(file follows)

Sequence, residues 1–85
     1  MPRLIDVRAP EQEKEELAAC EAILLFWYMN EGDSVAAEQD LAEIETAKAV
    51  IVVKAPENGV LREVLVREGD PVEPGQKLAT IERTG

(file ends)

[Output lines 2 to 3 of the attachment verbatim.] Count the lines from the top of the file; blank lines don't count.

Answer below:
     1  MPRLIDVRAP EQEKEELAAC EAILLFWYMN EGDSVAAEQD LAEIETAKAV
    51  IVVKAPENGV LREVLVREGD PVEPGQKLAT IERTG